Mexborough and Swinton Times March 3rd 1927
Conisbrough Fire Brigade
The annual dinner at the Conisbrough Fire Brigade was held last Thursday at the Fox hotel. Coun. J. Maxfield presided. Councillor I. Webster proposing “the Fire Brigade” commented on the efficiency of the men. He recollected measuring the brigade for its first uniform. “F. B.” Stood for “Fire Brigade” and “Froth Blowers,” and as far as he could see they were useful at both operations (laughter).
Capt R. J. Clarkson responding, said he had a very fine set of men who responded heartily, they had fine firefighting equipment in all its branches and an adequate supply of water. He could cope with a fire in any part of the town.
Mr A. E. Bennett proposed “the Urban District Council.” He regretted the absence of Labour councillors from the function. A considerable amount of work had been got through in the last two years. The council might be better, and it might be worse. He noticed that the Citizens Association proposed to make a raid on the impregnable Labour strongholds in Denaby. It was regrettable that we as ratepayers were having to find money, owing to the recent fiasco. He hoped that the Board of Guardians or whoever became responsible would cut down the poor rate in proportion, as they had increased it. Conisbrough was in safekeeping whilst Mr Thirlwall was at the helm. The officials were about 75% of the council and unless their advice was sound we were in for a bad time. He hoped that Conisbrough would continue prosperous.
In the absence of Councillor J. Drabble, Mr W. W. Norwood responded. He thought that the council had done its best and had been led by an excellent man. It was progressive and had created lots of improvements. He recalled the first parish council of 1894, when Mr S. Whitfield was chairman, and he was vice chairman. “I must be an old beggar now” he said, “but we kept things going from bad to worse” (laughter). They had an old fire engine which they scrapped. 30 years ago they were proud of it, but it was now obsolete except for church parades. He recalled a brewery fire where what was deficient in water was made up in beer. He had been chairman of the Fire Brigade committee and had taken a special pride in the efficiency of the men.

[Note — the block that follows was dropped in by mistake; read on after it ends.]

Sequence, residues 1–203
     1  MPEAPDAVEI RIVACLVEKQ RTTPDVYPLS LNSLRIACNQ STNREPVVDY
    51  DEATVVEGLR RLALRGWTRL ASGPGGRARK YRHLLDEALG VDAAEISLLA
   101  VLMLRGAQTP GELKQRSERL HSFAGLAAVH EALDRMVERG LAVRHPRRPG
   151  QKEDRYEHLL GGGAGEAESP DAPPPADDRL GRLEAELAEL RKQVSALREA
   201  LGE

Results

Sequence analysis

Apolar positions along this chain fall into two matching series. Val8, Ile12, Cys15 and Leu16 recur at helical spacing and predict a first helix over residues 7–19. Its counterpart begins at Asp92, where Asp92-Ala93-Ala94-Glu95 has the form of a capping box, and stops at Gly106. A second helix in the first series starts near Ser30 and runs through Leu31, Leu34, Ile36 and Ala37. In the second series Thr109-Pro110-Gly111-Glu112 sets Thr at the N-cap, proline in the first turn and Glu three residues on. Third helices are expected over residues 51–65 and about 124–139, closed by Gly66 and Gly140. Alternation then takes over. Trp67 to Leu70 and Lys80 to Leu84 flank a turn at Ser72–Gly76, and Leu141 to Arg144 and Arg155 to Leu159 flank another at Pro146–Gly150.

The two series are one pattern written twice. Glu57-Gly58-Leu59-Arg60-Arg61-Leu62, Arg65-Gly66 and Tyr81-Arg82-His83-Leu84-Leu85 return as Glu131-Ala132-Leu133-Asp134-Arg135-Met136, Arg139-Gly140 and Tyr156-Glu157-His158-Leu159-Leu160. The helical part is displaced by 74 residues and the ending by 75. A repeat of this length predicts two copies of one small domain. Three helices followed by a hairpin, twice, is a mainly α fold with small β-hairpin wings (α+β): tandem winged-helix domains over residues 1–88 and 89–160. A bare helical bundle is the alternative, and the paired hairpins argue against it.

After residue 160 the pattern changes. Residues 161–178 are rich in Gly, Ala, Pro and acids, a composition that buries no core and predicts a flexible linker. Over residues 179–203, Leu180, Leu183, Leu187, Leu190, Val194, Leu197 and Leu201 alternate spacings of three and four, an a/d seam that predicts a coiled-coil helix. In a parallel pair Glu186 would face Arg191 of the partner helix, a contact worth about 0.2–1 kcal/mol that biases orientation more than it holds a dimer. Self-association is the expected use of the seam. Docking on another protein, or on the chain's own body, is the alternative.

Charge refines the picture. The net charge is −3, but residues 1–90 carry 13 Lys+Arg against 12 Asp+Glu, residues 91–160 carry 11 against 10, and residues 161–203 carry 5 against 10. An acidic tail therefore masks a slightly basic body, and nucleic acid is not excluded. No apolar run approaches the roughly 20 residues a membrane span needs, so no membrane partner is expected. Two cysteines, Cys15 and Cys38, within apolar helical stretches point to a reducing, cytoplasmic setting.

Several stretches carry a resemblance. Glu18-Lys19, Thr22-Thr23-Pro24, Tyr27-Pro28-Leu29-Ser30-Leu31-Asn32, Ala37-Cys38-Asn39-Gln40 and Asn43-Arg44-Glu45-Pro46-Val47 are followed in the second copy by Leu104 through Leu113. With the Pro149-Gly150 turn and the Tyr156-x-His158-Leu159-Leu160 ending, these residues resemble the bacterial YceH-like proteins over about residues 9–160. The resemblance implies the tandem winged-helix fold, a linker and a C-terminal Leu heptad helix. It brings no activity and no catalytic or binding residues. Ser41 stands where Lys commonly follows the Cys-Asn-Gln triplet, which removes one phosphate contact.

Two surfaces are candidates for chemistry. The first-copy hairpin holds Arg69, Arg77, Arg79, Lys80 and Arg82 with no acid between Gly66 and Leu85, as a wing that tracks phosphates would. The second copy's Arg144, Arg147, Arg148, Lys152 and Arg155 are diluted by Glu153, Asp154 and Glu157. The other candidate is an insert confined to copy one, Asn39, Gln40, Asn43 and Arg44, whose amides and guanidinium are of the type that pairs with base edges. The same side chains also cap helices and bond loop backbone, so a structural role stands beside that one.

The captain, here interposed with a story regarding the brewery fire. The late Mr G. Harrison, who was captain, was also postmaster. During the fire the hose kept bursting and Mr Harrison’s attention was drawn to so many little holes that in despair he said: “what shall I do?” “Stick some stamps on it” called out a spectator.
Mr H. Thirlwall, surveyor and sanitary inspector, proposed “Town and Trade.” He stated that Conisbrough was one of the best and healthiest places to live in despite the smallpox. During the past year there had been an acute depression in the coal industry, and consequently in the glass bottle trade, which might have had a year of unparalleled prosperity. There was criticism of what had been done regarding permitting trackless vehicles to run. It had been stated that it would take trade out, but there was a perfect answer to that. It was also likely to bring trade in, that is if cheap facilities and entertainments were provided. Last year he outlined the firefighting facilities. Now more chemicals we being used as they were more efficacious. Science today was looking out new methods to fight fires.
The increase in rates was not due to the councils because, it was due to the unfortunate call of the Board of Guardians owing to the relief on loan as it was called.
Responding, Mr T. Rawding said that we were the “not very well are we up to now,” the strike would be a long time felt, but if all made a habit of thinking “the more we are together,” and made it a sort of National Anthem, we should be better. Now we had turned round trade should go by leaps and bounds if we had the faith and the will.
Musical items where rendered by Messrs. Robinson, H. Kirby, A. E. Berry, V. A. Rich, F. Robinson and A. Illingsworth.